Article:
Racism’s impact on mental health

These disparities also have a profoundly negative impact on Black Americans’ mental health, making Black Americans 20% more likely than white Americans to experience mental illness. The trauma of the pandemic and of police brutality, an omnipresent threat for Black Americans currently exacerbated by harsh crackdowns on protest, have had a stark impact on the mental health of Americans of color. “The mental health of my community, with all these different traumas, is falling apart,” Camesha L. Jones, LCSW, founder of the Black-women-led Sista Afya community mental wellness group, told Talkspace.

True Well-being Requires Freedom From Oppression

We must understand that U.S. residents’ current health, both physical and mental, is intimately linked to the inequalities present at the founding of our country. The Declaration of Independence is a hypocritical document. It talks of freedom, yet was written by slave owners. Yet it is undoubtedly true in its assertion that every single human being is inherently equal, and has an inalienable right to life and liberty — or, perhaps more accurately, liberation.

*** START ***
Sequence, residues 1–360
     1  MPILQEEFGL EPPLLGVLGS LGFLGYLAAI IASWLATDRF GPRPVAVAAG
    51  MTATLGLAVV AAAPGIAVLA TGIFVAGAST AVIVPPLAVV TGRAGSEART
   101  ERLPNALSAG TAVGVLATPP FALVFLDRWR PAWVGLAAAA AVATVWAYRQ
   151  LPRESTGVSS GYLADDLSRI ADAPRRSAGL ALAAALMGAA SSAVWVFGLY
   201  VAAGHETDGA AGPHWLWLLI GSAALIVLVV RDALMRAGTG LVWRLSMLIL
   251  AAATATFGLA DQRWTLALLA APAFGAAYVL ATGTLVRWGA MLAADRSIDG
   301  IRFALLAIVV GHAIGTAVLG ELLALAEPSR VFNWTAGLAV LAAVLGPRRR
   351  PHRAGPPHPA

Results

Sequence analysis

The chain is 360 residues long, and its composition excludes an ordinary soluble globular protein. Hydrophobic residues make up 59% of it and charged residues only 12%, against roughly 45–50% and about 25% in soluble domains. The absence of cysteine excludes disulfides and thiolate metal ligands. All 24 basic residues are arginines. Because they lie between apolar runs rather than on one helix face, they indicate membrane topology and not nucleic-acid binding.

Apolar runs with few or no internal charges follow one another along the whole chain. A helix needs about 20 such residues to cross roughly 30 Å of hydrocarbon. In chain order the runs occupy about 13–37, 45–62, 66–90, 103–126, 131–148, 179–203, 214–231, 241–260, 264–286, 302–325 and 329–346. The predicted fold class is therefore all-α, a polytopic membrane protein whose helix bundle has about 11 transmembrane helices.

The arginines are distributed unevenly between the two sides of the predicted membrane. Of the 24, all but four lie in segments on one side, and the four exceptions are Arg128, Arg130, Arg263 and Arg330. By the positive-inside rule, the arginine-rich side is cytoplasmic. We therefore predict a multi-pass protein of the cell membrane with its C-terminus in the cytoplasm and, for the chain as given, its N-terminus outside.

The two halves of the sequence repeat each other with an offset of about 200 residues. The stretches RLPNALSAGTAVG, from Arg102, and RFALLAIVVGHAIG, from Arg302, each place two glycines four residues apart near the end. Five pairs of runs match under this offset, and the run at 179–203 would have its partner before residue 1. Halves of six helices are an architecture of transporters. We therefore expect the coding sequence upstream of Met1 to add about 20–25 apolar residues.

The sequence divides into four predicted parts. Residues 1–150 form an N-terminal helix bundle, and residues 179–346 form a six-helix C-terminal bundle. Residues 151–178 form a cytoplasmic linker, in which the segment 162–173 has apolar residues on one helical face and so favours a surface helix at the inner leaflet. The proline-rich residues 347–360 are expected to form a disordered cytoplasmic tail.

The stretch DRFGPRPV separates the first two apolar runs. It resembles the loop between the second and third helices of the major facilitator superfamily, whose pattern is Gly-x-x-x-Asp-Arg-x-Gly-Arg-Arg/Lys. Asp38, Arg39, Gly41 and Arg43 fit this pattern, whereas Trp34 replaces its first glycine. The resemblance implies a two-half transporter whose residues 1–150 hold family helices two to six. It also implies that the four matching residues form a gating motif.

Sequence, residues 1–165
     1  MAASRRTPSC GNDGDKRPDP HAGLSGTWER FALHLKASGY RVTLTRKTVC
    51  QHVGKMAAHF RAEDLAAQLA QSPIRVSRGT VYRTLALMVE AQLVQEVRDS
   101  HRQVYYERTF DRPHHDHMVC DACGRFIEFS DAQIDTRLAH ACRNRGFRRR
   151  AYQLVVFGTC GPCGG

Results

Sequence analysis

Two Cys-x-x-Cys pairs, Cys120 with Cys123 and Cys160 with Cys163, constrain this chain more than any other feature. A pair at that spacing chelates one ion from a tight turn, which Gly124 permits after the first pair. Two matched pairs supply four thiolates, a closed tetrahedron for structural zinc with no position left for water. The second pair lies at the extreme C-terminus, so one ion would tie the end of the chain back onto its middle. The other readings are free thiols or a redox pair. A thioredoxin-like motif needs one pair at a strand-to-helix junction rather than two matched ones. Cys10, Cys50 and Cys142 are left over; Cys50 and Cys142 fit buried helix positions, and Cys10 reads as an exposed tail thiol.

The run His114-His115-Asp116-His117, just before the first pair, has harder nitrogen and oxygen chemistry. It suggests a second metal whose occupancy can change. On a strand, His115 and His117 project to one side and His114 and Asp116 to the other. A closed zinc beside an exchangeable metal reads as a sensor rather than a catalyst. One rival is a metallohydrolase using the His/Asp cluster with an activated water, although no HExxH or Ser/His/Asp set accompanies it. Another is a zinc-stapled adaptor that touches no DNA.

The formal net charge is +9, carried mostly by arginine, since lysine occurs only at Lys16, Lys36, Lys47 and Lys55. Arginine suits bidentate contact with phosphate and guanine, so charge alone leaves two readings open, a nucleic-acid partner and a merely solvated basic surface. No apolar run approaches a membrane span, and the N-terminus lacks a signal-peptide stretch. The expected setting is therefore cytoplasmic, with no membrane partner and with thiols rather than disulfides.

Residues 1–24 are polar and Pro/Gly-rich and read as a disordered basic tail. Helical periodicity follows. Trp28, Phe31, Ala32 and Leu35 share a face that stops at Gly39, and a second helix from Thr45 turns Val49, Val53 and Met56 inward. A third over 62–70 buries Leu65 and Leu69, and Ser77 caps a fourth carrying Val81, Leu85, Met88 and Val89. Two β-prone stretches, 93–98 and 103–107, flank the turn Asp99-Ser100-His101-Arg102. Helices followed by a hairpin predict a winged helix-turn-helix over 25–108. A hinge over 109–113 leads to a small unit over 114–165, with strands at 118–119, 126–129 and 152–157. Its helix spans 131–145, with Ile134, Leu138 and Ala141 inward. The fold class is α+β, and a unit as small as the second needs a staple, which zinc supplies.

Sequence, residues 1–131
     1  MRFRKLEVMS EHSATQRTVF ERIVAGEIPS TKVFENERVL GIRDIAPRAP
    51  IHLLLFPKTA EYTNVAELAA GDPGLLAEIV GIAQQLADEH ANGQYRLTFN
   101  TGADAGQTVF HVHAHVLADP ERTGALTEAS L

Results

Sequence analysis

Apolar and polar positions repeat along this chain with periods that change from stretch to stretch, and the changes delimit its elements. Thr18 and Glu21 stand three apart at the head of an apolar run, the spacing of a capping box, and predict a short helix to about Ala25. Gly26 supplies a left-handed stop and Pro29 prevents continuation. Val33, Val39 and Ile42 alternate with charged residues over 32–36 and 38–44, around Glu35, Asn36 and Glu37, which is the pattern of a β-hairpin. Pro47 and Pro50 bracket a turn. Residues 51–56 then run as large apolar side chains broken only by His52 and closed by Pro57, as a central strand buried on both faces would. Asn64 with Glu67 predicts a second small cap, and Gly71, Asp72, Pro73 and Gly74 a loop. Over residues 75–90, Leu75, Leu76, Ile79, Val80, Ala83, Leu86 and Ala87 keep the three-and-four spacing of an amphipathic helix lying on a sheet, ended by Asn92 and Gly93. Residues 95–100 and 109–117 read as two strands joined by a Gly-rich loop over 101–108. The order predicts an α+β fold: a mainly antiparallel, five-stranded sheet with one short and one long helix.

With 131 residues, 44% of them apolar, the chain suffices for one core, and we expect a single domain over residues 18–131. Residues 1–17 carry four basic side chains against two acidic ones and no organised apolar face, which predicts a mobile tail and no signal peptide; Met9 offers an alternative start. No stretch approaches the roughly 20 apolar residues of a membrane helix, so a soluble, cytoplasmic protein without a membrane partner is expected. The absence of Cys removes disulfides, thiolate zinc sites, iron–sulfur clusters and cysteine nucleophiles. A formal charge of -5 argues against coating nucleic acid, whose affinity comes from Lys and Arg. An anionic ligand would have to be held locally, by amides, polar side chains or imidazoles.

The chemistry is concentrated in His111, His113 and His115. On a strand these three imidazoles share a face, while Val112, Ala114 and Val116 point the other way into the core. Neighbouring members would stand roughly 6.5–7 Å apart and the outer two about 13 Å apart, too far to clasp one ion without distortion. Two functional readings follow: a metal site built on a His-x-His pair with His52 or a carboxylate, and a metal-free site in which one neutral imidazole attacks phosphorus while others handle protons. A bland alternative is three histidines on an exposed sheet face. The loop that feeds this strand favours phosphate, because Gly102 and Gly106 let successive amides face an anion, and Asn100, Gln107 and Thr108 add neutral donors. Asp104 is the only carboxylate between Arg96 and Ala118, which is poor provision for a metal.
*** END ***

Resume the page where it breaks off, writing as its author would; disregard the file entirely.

The social, political, and economic change necessary to ensure these values requires much more than removing statues, though that’s an important start. For many Black activists and thinkers, it requires a massive redistribution of resources, through, for example, reparations. For many leaders of the current movement against systemic anti-Black racism, change requires the abolition of the police and the prison system.

We can only assure that people’s inalienable right to live lives of wellness and dignity are protected when we understand, confront, and undo the historical roots of inequality. To face the United States’ violent history is not to declare the future hopeless; it’s instead to place hope in a future that departs dramatically from this violent past and present.